A key shot with a nikon d5200The great thing about the reverse ring is that it takes you back to very basic photography, because the reverse ring sits between your lens and your camera, there is no physical contact. That means that you lose all automation – no AutoFocus, no AutoAperture etc – you have to work it all out for yourself.

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Because the lens is reversed, the best focus setting to use – which allows you to get up close to your subject – is infinity. Likewise, if you are on a zoom lens, the best focal length to use is the widest. The closer you get to the subject the bigger it will appear in the frame. You will need to focus by moving the camera (or the subject). Also, you will have to manually set the aperture settings and shutter speed. This is a wonderful return to the trial and error photography that many of us will remember from your early photographic experiences. Of course, you still have the advantage of being able to immediately see the results in the viewing screen, rather than having the process, so you can make changes to lighting etc. straight away. I would always recommend using a tripod, as this removes one of the many variables you will be dealing with.

a reverse ring for a nikon d5200You can pick up a reverse (reversal) ring for a few dollars and they are a great way to try out macro. What’s more, going back to the very basics of photography for an afternoon is tremendous fun.

For more information about using a reverse ring with the Nikon D5200, click here

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The D5200 is getting cheaper

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Nikon D5200 prices drop

The best entry-level DSLR is getting more competitive

buy a Nikon D5200 front with screenThe Nikon D5200 only fully launched in January and already the prices in the UK are dropping, making this highly rated DSLR even more competitive. Nikon have really taken the entry-level category apart with their successive launches of the D3200, D5200 and, more recently, the D7100. Canon, their main rival have responded by launching the Rebel T5i (If you can work out the difference between the T4i and the T5i please let me, and the rest of the world, know).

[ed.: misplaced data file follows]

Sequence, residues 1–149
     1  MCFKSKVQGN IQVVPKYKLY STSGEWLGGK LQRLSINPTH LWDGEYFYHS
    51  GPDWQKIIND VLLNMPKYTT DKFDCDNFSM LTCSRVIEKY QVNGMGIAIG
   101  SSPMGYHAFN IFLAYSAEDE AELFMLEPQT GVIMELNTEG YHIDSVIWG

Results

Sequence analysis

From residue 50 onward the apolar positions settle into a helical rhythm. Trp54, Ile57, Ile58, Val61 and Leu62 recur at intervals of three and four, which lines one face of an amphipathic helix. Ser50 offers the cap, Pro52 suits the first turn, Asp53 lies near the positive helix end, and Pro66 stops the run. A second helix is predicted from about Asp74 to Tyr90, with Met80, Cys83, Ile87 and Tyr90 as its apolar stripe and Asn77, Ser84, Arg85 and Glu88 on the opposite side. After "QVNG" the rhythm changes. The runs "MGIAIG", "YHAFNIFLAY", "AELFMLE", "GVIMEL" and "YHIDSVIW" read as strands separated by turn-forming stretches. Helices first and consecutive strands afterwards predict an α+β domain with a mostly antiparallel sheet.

When launched, the D5200 was selling at  priced at £650/$800 for the body and £720/$900 for the body and lens kit. In just a couple of months, the prices have dropped down to around £550 for a body in the UK which suggests that the prices in the USA will soon follow.

USA Deals for the Nikon D5200 Here

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However, I don’t think that they are going down because the camera isn’t selling well. After all, this DSLR has had some superb reviews, especially from the likes of DxOMark, who have rated it higher than the newer D7100 and only a few points short of the Nikon fully professional cameras. I think that the manufacturers are aggressively targeting the entry-level market because they see they enormous potential there. The technology available now to the amateur/enthusiast is so good that I think Nikon see this selection of DSLR cameras as the corner stone of future expansion. The file 24MP sensors produce such astonishing results, both for stills and for video, that it is doubtful that customers will be looking for anything better for a while. With Canon only offering 18MP in their T5i/T4i, Nikon believe that this advantage will work in their favor for a couple of years. This gives them the ideal opportunity to attract point-and-shooters who want to move up and also the disillusioned Canon user.

Nikon D1 digital cameraProfessional photographers have seen this sort of seismic shift before. When Nikon launched the F series of SLRs, they were the best cameras around as far as the Pros were concerned. Their dominance lasted until Canon brought out the revolutionary EOS system cameras in 1987. Professionals migrated en masse to Canon and your couldn’t give Nikon gear away. Finally Nikon caught up and released the D1 in 1999 and, again the Pro’s changed allegiance. But it took 12 years of hard work to make them think seriously about buying Nikon cameras again. I think Nikon are hoping for a similar shift in the enthusiast market. If they can attract the enthusiast with great quality and technology, they have a great chance of keeping them locked into their lenses and accessories (and why not? Their lenses are superb). That is the main reason why the Nikon D5200 prices are dropping….

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Should you buy a Nikon D5200

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Should you buy a Nikon D5200?

Should you buy a Nikon D5200? Nikon D5200 digital camera with standard lens

Buying a new camera is a big decision, not least because it is quite a big ticket item. If you buy a Nikon D5200, you will also be tied into other Nikon products, like lenses and Flashguns. Nikon produce great quality kit, although it can be expensive. But I think buying this DSLR is worth serious consideration. Launched in the States in January, every photo enthusiast in America had already seen the D5200 and examined its features ( it was launched in Europe and Asia at the end of 2012). This could explain why there was not a huge buzz that accompanied the launch of other cameras like the Compact System Camera updates, the J3 and the S1, or even the sibling Nikon D3200 last year. However, the D5200 is a superb camera that can produce high quality stills and astonishing HD video. It was recently rated higher than the Nikon D3200 by DxOMark and was only a few points behind Nikon’s Pro cameras.